One theory as to why this might be is the relative dearth of content on the platform. Most professional gaming critics have access to all the major gaming systems and, as a result, are less required to get excited about a game out of necessity. If an Xbox One is your only hardware, you need to value the exclusives you do get.
While I’m not going to make a deep dive into the stats, the Wii U pulled up a very similar looking set of data. It too was a system struggling with a drought of strong exclusive software, and as such players often rated its first party library higher than critics did.
The Switch is in an interesting position for the purposes of this feature, due to the hardware’s relatively new status. There are only 26 Switch games total that have both 30 or more critic reviews and enough user reviews to garner a user score, so here you can see the entire spread of critic opinion and player opinion on Switch games using just 26 games.
As of currently, there are 16 games that players like more than critics, and at the bottom 10 games critics like more than players.
Due to our far smaller sample size, it’s harder to see sweeping trends yet on Switch, but there are a few interesting things of note. On the whole, players on Switch seem to be more forgiving than critics of last gen multi platform ports, likely due to many having not had a previous opportunity to play them, with critics more... critical of ports of old games.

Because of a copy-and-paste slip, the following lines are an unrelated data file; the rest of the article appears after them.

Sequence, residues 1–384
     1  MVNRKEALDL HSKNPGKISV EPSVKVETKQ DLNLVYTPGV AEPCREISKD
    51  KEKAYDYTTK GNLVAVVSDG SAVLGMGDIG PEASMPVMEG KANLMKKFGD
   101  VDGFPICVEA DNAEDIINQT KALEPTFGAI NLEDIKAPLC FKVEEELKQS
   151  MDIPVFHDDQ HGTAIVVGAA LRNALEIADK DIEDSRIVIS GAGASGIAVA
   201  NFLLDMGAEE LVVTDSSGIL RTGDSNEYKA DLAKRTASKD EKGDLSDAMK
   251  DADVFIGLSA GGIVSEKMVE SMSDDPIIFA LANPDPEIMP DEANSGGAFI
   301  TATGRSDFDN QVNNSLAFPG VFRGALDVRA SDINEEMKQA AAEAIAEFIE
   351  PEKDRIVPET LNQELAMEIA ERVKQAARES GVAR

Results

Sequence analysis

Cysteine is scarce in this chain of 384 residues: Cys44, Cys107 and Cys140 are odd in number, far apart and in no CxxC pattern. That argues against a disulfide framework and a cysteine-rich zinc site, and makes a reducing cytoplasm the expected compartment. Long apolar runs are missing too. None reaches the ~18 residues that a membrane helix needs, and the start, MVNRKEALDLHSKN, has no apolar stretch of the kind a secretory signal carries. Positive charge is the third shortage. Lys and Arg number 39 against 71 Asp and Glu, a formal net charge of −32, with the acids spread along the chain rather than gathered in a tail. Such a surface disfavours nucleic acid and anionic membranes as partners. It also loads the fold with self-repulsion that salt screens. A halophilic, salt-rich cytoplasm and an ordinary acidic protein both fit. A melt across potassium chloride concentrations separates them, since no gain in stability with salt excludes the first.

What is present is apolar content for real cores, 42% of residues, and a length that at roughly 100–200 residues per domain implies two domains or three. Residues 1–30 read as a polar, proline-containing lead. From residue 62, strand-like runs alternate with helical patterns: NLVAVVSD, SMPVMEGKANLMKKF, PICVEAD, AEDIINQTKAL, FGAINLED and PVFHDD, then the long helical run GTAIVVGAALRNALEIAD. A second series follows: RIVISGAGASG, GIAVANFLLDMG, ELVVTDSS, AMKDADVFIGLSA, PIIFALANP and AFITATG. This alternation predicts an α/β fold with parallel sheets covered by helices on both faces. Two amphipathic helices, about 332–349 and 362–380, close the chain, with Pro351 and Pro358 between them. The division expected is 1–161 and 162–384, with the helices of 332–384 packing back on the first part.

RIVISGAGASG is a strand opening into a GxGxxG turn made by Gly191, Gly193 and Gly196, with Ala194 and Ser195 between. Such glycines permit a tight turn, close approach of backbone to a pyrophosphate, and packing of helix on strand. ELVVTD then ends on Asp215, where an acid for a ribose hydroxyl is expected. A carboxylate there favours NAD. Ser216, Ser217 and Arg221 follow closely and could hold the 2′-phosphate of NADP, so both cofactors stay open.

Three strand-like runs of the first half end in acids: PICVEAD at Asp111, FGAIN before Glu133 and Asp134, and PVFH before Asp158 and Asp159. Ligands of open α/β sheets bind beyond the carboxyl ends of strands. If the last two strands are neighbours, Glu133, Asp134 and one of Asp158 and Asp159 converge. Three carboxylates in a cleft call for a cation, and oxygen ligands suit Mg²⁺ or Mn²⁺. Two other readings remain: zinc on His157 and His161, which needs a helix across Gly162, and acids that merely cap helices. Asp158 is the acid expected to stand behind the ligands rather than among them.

Critics on Switch seem to be more willing than players to praise a Switch game that does something new and different with a franchise, even if the execution isn’t necessarily polished. They also seem to like Breath of the Wild, while a load of frankly crazy users are lowballing it.
A Nerdy Diversion
While the overall all-time trends of gamers liking licensed games, big boobs, sequels and remasters was mirrored on PS4, there are a few different contexts that can skew what the non-critics value. With the Xbox One or Wii U, where the system is arguably lacking games to play, users tend to value the exclusives more highly than critics do.
The average user reviewer is forgiving of ports for games they’ve not played yet, willing to see the good in exclusives if they’re all they have available, enjoy boob games, like specific licensed games and enjoy sequels and remasters – all a little more than critics do. Many of these differences ultimately boil down to critics having access to every system and constantly jumping from game to game looking for things which are new, novel and surprising. Except the boobs thing. I have no idea why games critics are not as into boobs as you lot.
James O’Malley (@Psythor) helped us crunch all this data.